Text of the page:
Taiwan Just Lost Panama to China—But It Doesn't Matter

Liberty Square main gate, Taipei. Pixabay/Public domain

Absent a working Taiwan strategy, Beijing has ramped up the pressure to isolate Taipei internationally.

The loss of Panama (and any future ally) carries symbolic—and perhaps psychological—implications, but it does not in any way undermine Taiwan’s ability to function as a sovereign state. In fact, substantial—albeit unofficial—relations with major economies like the United States, the European Union, Japan and the many countries targeted by Taiwan’s New Southbound Policy is what underpins Taiwan’s resilience. As long as this international support continues, Taiwan will have no difficulty weathering the loss of small, even if official, allies. None of Taiwan’s official allies, and perhaps no combination thereof, are key to Taiwan’s survival, which undermines the ability of Beijing to use diplomatic theft as a means to coerce the Taiwanese into submission. Moreover, we should also note that the closing of Taiwan’s embassy in Panama by no means signifies that Taiwan will no longer be able to conduct business with Panama or move goods through the Canal; thus, even the economic impact of Tuesday’s developments are likely to be marginal. 

This was reflected throughout the day in Taiwan’s calm reaction to the news about Panama. Pragmatism and resilience characterized most of the reactions. Some of Taiwan’s rambunctious evening talk shows didn’t even open their programs with Panama, focusing instead on the death of a filmmaker in a helicopter crash at the weekend.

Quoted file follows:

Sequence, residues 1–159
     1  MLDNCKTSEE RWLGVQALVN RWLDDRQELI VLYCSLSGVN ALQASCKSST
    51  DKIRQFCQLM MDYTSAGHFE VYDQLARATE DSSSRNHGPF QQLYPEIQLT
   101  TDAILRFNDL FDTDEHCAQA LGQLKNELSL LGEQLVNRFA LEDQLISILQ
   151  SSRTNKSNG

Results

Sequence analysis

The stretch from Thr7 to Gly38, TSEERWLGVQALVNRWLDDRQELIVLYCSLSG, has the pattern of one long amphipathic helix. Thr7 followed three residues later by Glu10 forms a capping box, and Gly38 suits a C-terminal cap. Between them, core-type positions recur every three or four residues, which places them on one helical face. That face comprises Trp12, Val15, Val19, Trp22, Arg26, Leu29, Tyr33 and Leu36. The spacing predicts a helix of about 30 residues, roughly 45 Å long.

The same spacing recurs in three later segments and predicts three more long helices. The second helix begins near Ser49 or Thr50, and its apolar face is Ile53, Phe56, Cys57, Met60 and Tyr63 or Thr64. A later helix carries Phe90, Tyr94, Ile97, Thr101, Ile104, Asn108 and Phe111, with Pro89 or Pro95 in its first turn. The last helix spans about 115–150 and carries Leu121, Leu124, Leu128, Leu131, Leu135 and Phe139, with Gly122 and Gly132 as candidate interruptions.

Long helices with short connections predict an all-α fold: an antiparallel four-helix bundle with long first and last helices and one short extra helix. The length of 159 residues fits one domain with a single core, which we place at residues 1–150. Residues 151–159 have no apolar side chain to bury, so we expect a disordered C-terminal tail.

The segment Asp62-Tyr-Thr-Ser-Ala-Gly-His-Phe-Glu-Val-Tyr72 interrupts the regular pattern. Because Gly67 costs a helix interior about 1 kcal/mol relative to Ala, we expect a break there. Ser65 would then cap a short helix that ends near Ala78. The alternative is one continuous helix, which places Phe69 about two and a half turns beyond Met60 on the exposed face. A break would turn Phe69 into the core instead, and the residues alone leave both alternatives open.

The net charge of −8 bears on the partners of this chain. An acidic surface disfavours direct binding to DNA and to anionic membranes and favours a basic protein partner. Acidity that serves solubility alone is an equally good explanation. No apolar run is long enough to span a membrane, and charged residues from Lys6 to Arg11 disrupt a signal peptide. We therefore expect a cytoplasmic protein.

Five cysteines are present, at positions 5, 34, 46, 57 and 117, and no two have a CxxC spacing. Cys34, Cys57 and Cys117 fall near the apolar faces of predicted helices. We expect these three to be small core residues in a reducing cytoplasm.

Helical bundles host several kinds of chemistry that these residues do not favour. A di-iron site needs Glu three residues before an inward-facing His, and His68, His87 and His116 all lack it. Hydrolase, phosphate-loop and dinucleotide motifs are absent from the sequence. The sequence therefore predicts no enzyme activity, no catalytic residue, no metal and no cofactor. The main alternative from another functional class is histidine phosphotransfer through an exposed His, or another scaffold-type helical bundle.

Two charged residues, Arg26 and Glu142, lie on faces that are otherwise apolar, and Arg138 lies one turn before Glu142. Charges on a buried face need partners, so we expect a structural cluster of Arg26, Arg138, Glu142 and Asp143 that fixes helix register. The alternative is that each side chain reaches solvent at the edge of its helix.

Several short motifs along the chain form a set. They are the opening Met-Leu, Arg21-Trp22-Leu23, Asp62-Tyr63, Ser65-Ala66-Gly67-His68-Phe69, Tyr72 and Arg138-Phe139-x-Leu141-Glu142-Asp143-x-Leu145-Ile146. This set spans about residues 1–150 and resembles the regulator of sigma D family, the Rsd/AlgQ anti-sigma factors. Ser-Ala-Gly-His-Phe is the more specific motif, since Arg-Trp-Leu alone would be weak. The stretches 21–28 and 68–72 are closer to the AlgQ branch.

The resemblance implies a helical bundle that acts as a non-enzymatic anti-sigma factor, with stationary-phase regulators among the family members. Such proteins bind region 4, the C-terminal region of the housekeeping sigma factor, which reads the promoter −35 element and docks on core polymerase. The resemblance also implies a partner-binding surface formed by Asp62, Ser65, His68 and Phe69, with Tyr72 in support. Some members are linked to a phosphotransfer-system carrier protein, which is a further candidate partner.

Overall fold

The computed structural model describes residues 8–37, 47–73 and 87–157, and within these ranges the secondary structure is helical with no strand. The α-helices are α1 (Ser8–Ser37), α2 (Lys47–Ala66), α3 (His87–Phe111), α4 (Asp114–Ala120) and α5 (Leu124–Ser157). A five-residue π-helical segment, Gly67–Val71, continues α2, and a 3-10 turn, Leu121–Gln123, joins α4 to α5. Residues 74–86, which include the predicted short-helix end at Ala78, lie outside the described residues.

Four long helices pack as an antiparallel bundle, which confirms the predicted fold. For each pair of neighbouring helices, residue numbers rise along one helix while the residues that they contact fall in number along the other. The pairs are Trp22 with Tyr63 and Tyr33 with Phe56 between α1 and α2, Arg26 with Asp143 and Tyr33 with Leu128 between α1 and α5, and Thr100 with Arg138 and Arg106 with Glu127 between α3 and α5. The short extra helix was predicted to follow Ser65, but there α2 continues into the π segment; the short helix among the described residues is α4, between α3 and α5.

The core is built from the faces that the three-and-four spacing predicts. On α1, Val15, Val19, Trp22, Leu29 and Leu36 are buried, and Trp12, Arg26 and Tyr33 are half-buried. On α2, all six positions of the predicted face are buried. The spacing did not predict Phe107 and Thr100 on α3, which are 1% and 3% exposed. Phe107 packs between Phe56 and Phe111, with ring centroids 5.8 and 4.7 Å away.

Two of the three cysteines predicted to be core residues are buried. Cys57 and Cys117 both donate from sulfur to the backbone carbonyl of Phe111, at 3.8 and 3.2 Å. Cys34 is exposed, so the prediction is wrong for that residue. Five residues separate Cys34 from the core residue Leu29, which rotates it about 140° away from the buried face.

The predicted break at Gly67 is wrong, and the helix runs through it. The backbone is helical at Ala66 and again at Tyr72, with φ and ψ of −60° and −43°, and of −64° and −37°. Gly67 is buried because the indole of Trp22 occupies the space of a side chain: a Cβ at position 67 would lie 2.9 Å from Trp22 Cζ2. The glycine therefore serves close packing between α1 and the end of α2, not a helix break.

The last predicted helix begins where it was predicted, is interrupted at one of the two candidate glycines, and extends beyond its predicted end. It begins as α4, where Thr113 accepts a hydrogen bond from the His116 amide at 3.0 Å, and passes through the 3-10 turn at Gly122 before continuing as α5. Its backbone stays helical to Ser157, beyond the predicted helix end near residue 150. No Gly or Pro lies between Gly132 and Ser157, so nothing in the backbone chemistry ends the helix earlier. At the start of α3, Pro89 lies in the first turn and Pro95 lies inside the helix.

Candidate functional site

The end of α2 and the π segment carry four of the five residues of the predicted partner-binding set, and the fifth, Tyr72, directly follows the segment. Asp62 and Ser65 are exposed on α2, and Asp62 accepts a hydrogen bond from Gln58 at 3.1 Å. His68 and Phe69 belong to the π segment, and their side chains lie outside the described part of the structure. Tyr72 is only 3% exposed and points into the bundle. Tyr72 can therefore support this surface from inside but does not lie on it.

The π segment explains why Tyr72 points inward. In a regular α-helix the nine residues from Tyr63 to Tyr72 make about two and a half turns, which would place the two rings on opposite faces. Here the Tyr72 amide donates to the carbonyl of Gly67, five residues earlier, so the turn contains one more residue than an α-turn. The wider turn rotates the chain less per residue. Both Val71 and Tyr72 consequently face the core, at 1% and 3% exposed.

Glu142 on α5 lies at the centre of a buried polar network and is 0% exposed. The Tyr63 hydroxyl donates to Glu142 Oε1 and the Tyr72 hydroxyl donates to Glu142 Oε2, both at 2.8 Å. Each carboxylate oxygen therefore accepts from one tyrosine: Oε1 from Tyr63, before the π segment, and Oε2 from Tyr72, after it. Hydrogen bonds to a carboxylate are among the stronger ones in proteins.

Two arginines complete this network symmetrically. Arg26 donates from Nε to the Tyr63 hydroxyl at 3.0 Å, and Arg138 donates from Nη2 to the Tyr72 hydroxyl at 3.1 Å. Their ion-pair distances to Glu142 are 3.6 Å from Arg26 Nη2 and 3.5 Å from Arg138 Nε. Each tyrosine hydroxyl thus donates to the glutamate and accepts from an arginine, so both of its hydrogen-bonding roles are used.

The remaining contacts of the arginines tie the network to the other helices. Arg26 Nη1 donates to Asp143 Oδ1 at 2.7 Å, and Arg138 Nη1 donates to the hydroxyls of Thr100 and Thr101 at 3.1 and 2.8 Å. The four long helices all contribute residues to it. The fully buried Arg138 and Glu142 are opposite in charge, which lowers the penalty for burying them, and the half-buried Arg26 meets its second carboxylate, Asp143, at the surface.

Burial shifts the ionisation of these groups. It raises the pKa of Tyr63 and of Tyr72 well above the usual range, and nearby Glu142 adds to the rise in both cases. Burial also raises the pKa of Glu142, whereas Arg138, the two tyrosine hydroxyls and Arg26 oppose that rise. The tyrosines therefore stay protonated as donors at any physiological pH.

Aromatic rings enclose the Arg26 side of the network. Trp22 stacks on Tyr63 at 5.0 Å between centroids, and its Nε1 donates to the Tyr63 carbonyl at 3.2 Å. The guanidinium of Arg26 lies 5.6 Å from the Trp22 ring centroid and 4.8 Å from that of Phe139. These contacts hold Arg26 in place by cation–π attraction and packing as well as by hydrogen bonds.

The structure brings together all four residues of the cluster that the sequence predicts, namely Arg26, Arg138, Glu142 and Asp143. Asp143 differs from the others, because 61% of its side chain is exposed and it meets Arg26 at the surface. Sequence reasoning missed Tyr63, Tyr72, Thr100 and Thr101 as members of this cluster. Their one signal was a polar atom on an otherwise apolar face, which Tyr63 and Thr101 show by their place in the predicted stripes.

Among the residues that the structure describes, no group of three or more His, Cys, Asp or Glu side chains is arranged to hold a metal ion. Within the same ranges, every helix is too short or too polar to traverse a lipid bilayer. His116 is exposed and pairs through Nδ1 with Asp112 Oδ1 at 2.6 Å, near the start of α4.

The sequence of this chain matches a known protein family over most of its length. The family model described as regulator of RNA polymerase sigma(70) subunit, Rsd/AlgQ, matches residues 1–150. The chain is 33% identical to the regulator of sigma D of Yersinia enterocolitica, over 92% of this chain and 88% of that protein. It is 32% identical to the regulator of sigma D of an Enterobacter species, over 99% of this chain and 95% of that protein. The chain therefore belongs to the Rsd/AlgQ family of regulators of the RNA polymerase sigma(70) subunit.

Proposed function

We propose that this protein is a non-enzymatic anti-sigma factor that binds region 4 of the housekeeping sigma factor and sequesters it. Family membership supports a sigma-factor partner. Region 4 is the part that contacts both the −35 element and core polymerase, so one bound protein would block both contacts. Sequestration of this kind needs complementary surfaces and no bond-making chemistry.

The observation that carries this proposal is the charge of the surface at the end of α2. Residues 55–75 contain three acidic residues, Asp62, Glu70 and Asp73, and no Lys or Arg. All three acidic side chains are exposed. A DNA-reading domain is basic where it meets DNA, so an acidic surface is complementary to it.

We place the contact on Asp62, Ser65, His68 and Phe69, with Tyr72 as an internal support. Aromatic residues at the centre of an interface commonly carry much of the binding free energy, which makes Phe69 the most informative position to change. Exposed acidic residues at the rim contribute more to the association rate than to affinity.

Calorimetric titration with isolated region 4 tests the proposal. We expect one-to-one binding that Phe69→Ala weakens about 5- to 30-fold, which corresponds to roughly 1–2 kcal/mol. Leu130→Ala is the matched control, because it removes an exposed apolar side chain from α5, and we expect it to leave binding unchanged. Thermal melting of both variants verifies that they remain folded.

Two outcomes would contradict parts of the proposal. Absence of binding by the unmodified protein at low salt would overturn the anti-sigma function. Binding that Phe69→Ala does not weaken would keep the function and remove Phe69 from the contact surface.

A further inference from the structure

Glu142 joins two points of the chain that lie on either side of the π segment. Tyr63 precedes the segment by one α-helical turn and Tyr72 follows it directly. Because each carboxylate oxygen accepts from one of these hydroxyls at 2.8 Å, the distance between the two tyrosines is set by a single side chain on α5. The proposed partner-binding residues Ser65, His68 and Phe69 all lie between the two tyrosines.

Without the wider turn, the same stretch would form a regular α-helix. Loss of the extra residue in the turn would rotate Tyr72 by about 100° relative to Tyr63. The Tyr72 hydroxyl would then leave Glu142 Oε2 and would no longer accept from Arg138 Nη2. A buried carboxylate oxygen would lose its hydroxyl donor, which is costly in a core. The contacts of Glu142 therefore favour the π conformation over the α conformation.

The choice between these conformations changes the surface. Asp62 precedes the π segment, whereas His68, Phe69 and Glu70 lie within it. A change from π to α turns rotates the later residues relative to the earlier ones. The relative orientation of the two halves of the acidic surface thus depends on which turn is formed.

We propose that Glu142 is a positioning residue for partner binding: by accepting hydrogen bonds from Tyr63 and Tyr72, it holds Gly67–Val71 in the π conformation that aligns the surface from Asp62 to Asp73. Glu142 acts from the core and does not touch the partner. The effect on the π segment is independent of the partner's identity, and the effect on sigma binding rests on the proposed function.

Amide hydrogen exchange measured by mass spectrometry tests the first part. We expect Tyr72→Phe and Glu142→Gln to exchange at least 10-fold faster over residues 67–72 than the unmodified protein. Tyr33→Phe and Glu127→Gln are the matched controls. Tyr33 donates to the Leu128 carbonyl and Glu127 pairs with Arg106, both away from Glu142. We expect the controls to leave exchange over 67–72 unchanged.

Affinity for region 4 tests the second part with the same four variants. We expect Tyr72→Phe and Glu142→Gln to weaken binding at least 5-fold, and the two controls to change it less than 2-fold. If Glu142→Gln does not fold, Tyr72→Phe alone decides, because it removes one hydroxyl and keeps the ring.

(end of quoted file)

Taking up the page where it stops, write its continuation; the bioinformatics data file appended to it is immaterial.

President Tsai, meanwhile, delivered an uncharacteristically combative statement that was sure to resound with a majority of her constituents, who also have accused her of being “too soft” on China in the past year.

“Coercion and threats will not bring the two sides closer. Instead, they will drive our two peoples apart. On behalf of the 23 million people of Taiwan, I declare that we will never surrender to such intimidation,” Tsai said.

“It is true that for a long period of time, Taiwan's international situation has been difficult,” she continued. “It is also true that pressure from the other side of the strait has never stopped. But the less favorable our situation is, the more resolute we must be in upholding our belief in freedom and democracy. We must stand together and ensure that Taiwan's 23 million citizens continue to determine our own destiny.”

“As president, my greatest responsibility is the protection of our national sovereignty,” Tsai said. “Greater challenges will only bring greater resolve. Our confidence as a people should not, and will not, be easily defeated. We will endure.”

J. Michael Cole is a Taipei-based Senior Fellow with the China Policy Institute, University of Nottingham, UK, an associate researcher with the French Center for Research on Contemporary China (CEFC), chief editor of the Taiwan Sentinel and project manager for the Taiwan Foundation for Democracy’s Taiwan Democracy Bulletin.

Image: Liberty Square main gate, Taipei. Pixabay/Public domain

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